How Do I Follow Up With a Venue That Hasn’t Returned My Email?


SHARE  

 

**Guest post written by Joy Ike, creator of Grassrootsy.com and Independent Musician, as featured on Grassrootsy.com.

 

"This post comes from a question that was asked in response to our post How to Write a Bad Pitch Letter.

 

THE ARTIST: Art Elliot

 

THE QUESTION: I have a question that I hope someone here can help me with. After you’ve sent an email and you don’t hear back for a week or two, is it ok to resend the same email in the case that it got lost in the shuffle? I don’t want to come off as being pushy, but I want to make sure that they actually received the email.

 

THE ANSWER: Art, this is a really great question that I think a lot of people struggle with. It’s hard to know how to follow up on a email when you don’t know if it was ever read, if it reached the correct person, or if the receiver purposely didn’t get back to you. So we’ve got a few suggestions on what you can do.

 

 

1. Make Sure You Have the Correct Recipient

If you sent the email to an address like info@venue.com, your email could be getting lost in the shuffle. Call the venue and ask the name and correct email address of the booker. Sometimes they will give you the same generic email address, but other times they will give you something more specific along with the booker’s name – like artelliot@venue.com. You never want to send an email without including the recipients name. If there’s a way to get it, get it! It’s a tiny detail that can make a world of a difference.

 

 

2. Give it Time

Before you even think to follow up, make sure you’ve given it some time. For some venues, following up after 2 weeks is much too soon. For some, 6 weeks is still too soon. Read the venue’s booking guidelines to know what’s best. If they don’t have guidelines, just use your discretion. It’s really hard to know what’s best in this area.

 

 

3. Send an “RE:”

When you’ve confirmed that your original email was sent to the correct recipient and you’ve given it some time, send a a follow up message with the original message included. Make sure the “RE:” is in the header along with the Subject Heading from the original message. RE indicates that this is not the first email. I can’t guarantee that this will encourage a booker to read your email sooner, but it will set your email apart from others that are being sent for the first time.

 

 

4. Keep it Short

No need to write a book or another email pitch. You already sent one. Just keep it simple. Here are a few things you can say when you're following up:

 

Hi [NAME]

Just wanted to follow up on my original message below.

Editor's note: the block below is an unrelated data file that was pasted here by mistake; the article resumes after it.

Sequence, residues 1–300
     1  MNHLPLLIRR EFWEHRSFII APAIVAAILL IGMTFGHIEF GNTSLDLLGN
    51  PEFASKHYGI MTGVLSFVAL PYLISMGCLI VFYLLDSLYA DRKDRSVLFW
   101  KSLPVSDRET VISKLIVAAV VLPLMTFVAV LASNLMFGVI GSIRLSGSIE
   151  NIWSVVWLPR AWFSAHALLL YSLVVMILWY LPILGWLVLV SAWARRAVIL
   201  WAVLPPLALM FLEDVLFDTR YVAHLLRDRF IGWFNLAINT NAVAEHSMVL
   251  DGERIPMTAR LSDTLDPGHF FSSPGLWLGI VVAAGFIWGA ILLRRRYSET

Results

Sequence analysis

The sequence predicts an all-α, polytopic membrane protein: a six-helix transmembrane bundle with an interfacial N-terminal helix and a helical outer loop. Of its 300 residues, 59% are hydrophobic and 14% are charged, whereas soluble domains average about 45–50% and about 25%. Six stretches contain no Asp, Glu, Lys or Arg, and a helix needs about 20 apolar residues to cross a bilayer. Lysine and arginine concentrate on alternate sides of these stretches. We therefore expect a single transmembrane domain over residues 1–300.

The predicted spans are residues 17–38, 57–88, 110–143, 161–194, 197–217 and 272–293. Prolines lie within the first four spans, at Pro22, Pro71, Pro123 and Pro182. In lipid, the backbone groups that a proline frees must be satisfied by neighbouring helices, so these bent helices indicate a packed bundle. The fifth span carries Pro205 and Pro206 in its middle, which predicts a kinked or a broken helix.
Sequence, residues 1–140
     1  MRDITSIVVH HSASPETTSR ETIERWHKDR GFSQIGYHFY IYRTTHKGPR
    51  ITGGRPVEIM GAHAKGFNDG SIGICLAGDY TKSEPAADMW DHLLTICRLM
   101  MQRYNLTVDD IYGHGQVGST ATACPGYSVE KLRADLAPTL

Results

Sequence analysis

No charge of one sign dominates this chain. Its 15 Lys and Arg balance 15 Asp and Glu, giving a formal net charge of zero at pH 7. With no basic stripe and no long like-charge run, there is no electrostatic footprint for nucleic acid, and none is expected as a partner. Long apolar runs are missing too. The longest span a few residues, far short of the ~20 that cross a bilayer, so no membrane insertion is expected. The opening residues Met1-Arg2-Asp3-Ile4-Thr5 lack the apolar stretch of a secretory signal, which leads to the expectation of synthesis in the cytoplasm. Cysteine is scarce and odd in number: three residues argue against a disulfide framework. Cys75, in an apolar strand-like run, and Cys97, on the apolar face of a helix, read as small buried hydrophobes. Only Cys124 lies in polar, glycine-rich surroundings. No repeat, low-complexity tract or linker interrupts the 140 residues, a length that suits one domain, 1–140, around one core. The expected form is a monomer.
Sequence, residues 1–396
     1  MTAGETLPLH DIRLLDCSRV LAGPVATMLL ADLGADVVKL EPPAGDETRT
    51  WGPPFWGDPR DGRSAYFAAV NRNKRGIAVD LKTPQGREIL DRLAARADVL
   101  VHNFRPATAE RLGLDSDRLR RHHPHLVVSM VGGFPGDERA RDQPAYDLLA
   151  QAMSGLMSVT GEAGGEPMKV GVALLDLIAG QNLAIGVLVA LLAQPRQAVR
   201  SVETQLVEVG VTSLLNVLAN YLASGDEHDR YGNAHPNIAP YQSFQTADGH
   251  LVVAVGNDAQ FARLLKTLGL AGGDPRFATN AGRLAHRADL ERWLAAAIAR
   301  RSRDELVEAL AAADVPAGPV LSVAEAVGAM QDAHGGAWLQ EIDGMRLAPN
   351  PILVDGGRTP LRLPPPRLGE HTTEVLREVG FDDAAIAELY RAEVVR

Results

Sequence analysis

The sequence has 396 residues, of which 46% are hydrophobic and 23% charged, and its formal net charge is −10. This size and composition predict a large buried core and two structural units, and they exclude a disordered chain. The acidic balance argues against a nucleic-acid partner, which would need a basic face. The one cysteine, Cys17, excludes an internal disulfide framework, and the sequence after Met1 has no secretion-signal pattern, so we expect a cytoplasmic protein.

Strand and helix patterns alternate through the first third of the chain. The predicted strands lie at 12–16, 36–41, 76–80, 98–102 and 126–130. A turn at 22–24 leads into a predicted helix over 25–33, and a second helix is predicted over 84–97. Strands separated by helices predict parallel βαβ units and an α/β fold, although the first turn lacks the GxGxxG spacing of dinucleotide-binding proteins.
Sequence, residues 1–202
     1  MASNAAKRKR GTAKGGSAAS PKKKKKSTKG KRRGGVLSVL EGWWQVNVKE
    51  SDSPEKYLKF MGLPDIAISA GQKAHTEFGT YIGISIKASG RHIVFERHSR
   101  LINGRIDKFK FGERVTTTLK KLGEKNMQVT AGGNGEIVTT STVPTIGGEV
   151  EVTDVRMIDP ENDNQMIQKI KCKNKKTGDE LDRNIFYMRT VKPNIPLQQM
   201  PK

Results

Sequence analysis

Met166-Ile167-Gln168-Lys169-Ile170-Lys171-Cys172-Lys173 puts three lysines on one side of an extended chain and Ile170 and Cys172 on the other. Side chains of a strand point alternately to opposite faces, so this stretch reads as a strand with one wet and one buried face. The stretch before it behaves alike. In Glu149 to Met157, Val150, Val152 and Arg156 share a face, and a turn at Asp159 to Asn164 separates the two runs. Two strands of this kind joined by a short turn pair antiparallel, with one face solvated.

Thanks and I hope to hear back,

[YOUR NAME]

 

(Make sure you include the original email within the thread so he knows what you’re referencing. Sending a short, but sweet email like this is great for venues that get hundreds of pitches each day because chances are they really didn’t see your first attempt in their inbox.)

 

______

 

Hi [NAME]

I thought I’d check in regarding my original message. My route has changed a bit and I’m currently looking to book the 12th instead of the 13th. Thanks for reading and I hope to hear back!

[YOUR NAME]

 

(It's always great when you can included some new information that makes it worth reading the email. Date changes in your tour are a great excuse to follow up.)

 

______

 

Hi [NAME]

I’m writing to follow up on an email I sent a few weeks back. I’ve talked with local bands [BAND 1] and [BAND 2] and we’d like to co-bill a show and work to promote the night together. Would [DATE] work on your end?

Thanks kindly,

[YOUR NAME]

 

(Writing back because you have some locals who want to share the bill with you is something that most venues pay attention to – especially if you’re not local and the other bands are. A venue is more likely to book you when they know you have a connection with local artists who have draw.)

 

 

Things to Remember…

- Bookers Get Swamped. Remember that venue bookers get so many email pitches on a daily basis. Don’t take their failure to respond personally.

- Leave Time for Booking. Start booking months in advance. It allows you to leave time for waiting and following up. If you’re trying to book a tour 1 month out, it's not gonna go well.

- Use Your Phone Carefully! If the booking guidelines on a website say don’t call, DONT!! A phone can often be a booker's worst enemy and calling will make you their worst enemy too. But if that isn’t clear, consider calling to feel out a venue. Ask them what their booking protocol is, but DON’T pitch them over the phone. Last week I called a bookstore to ask about how they go about booking. They told me that they don’t begin the process til later in Winter because they only plan events after the weather improves. This saved me an email and gave me a little insight into their process, so I could write a more informed pitch (when the time comes) and plan when I’d like to tour through that city.

 

Most importantly, make sure that your original email has a good pitch – straight to the point, easy to read, much shorter than a book, and has good links to where the reader can find your material online."

 

SHARE  

 

Related Blog Posts:

+What's My Sales Pitch for Booking

+How Do I Plan a Tour?

+How To Make Sure You're Booking a Good Venue

+How to Get From "Local Artist" to "Touring Musician"

 

 

 
blog comments powered by Disqus